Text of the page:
The interest for Belgian poster art

Who does not know the names of Privat-Livemont or Henri Cassiers? No single standard work on the history of commercial graphic design can overlook these masters of art nouveau. They brought international recognition to the Belgian poster. It is true that designers such as Leo Marfurt and Julian Key also produced works in their times which similarly broke new ground, but they have never received the level of recognition outside the country that they really deserve.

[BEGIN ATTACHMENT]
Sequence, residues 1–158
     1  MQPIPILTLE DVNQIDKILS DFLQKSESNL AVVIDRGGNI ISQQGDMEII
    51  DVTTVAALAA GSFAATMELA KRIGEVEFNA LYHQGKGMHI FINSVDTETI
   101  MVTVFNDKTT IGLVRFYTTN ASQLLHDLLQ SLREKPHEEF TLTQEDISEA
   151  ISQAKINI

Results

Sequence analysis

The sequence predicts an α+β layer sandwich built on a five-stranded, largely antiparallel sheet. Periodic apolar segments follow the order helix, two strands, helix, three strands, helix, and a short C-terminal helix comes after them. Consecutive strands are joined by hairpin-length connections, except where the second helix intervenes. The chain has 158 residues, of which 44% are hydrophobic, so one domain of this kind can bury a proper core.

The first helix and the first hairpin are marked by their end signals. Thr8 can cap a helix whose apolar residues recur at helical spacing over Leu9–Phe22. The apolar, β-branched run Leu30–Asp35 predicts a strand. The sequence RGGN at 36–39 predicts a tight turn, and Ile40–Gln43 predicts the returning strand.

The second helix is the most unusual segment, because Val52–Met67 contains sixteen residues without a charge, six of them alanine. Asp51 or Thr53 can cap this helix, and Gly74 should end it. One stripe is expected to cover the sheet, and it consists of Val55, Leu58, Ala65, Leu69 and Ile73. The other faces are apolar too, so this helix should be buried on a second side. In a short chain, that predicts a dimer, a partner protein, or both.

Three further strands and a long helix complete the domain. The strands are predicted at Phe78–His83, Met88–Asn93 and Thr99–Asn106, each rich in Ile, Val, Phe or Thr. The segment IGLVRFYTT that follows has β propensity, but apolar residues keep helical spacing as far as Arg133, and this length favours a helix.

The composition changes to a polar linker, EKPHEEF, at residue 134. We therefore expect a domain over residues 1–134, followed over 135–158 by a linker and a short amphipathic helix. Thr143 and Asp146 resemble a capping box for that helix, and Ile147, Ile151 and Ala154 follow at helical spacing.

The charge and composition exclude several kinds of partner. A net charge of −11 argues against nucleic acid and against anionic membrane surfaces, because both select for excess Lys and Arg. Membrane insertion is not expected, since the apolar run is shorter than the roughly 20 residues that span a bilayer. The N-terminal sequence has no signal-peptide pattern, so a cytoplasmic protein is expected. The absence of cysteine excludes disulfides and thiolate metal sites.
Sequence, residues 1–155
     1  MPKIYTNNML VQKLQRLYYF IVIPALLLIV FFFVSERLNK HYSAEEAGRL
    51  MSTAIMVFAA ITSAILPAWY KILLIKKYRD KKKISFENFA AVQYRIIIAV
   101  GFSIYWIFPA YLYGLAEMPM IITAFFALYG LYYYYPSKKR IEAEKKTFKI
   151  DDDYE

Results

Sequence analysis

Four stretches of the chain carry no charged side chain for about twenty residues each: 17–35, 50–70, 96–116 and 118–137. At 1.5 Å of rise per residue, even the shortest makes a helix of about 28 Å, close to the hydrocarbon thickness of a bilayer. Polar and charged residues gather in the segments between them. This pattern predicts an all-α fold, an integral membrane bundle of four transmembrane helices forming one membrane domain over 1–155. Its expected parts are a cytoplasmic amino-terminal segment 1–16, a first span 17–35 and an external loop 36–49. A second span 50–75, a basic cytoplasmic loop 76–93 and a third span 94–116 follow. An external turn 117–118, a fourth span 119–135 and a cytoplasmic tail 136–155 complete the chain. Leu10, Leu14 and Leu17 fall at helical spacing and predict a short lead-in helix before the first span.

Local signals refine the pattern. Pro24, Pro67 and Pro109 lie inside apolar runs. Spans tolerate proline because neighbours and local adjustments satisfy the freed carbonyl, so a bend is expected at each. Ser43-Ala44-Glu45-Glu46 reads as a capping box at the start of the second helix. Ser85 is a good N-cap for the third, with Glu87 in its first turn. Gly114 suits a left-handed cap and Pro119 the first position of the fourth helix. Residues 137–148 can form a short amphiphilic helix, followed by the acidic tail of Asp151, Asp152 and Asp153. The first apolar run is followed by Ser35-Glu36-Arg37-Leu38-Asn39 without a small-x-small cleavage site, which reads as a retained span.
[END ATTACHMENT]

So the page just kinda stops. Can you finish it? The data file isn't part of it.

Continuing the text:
"We" are naturally not totally free of blame for this situation. In Belgium itself, the first step was taken in the seventies with an exhibition on the "Belle Epoque" This was followed up in the early eighties by a series of retrospectives, concentrating mainly on posters from the inter-war period, and only to a lesser extent on those produced after 1945. In each case, the central aim was to present "national highlights". In retrospect, the selection proved to have been too hasty and too narrow. To far too great an extent, recourse was made each time to the same collections. The catalogues, too, were light-weight. Over the past fifteen years, though, a move toward a more intensive study of Belgian poster art can be dicerned, for example in the research into regional and subject-related topics and in particular to biographies of the artists involved.